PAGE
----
But can humans overcome the temptation to jump to conclusions that are not warranted? Kahneman and Tversky have found that humans may not be good at detecting patterns, but are very quick to jump to conclusions intuitively.  Many of these conclusions are surprisingly right, but some are very wrong–I love joking that every successful con is at least 10,000 years old, because human brains always fall for the same con because it is how we are wired.  While not exactly a “con,” the same tendency leads us to buy into dubious “theories” that sound very deep and profound and resonate with our intuitions but offer very little by means of real explanation.  The promise of “data science” seems to be tempting us to drop theorizing altogether, in favor of inductively found “answers” backed by data.  But if people are so willing to buy into data that confirm our prejudices (such as polls supposedly showing Sanders far behind in Michigan, to use a current example), “data” can easily become a tool for abuse.  Peter Norvig’s response to the way he and “science” underscores this point.  In the end, most of us humans, don’t know how to derive useful insights from raw data very well, or, at least, distinguish useful insights from wishful thinking–even if we are capable of processing so much data, with aid of technology.  This was perhaps constrained by our inability to process so much data–we couldn’t make THAT big a mistake, but, paired with ability to process massive data, granted by technological progress, the persistence of the same lack of discipline is liable to lead us to some giant mistakes (and probably already did–see the recent financial crises, aided by systematic misuse of data).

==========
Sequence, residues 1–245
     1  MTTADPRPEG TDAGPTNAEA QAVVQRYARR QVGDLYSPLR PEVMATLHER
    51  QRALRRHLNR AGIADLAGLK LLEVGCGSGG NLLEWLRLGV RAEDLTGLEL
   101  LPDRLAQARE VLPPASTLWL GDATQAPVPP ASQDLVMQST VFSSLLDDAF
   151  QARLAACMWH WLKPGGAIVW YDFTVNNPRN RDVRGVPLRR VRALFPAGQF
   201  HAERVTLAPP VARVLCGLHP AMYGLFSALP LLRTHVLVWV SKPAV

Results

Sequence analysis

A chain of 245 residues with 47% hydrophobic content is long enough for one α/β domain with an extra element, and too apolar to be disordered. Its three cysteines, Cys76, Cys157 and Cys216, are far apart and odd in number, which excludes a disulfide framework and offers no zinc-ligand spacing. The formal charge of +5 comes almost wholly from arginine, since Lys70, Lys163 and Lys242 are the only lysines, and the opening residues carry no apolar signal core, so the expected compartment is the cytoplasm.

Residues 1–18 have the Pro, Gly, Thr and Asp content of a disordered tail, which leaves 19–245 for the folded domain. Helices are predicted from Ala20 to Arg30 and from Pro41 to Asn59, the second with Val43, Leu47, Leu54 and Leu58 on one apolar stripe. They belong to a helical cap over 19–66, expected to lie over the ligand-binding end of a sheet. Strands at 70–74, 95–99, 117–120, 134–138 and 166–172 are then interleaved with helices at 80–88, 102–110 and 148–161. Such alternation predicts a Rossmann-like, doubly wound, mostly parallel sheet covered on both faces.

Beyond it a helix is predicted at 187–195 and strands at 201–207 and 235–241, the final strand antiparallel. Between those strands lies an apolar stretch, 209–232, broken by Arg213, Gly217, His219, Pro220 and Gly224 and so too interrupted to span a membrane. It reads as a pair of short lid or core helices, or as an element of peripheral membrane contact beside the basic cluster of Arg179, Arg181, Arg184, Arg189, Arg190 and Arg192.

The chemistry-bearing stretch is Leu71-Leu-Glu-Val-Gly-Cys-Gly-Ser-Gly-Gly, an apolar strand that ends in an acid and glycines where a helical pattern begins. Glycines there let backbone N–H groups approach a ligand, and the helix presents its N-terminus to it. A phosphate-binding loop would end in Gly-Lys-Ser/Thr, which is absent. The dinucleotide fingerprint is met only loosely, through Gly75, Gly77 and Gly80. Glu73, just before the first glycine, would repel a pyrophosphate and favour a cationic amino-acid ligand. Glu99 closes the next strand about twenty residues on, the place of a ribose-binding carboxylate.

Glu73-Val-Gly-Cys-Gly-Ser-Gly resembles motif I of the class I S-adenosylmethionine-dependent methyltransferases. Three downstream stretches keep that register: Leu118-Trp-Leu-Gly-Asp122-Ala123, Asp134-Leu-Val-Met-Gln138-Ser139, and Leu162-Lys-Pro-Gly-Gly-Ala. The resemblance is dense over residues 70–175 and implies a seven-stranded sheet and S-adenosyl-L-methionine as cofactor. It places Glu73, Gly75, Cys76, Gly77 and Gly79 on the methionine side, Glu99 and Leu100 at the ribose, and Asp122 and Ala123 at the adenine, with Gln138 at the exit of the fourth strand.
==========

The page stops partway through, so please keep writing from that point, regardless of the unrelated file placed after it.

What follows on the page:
The promise of Big Data is that we will see things that we couldn’t see before.  The danger is that we will start seeing all sorts of things that aren’t there.  Evolution of human brain has not prepared us well for this problem, as we have always lived in the realm of data scarcity:  we already have a tendency to believe a lot of nonsense based on scanty evidence. Too much data is as unnatural as refined sugar.  Without theory to keep us penned within limits, we are liable to see even more turnip ghosts that aren’t there.  What data can do is to help us creatively stress test old theories, to find their limits and variances, to see how conditionally “wrong” they are.  Big Data, in this sense, then has a real potential to revolutionize science, but only if paired with real “science” and suitably constructive skepticism , which much of so-called “data science” seems eager to abandon as a millstone holding them back–I don’t mean to characterize all data science as pseudoscience, but this danger seems to be gaining recognition among many.

Robert Darnton reminds us that scientific revolutions and pseudosciences often go hand in hand. “Science,” to general public, is not sold on the basis of the process through which it operates, which is thought to be complicated and counterintuitive, but the wonderful fruits that it can produce.  So “science” is the internet, the moon landing, and the polio vaccine–not how we got there.  If a Messmer comes around and he has a magic formula that can do such wonderful things that the public and calls it “science,” who among the public is to say that his critics are just bad scientists who are jealous because they cannot deliver such wonderful things that he can?  Yet, if “real” science has to compete with Messmers of the world to sell their wares, who wants to be so patient and restrained in what they offer?  Is there a difference between “science” that sells exaggerated and fanciful claims and Messmer?

Great and intriguing though the possibility of scientific discovery through appropriate data mining is, I remain apprehensive of the immense potential for abuse.  “Science” is not just knowledge:  it is also a social convention that keeps us from getting too smarty-alecky for our own good.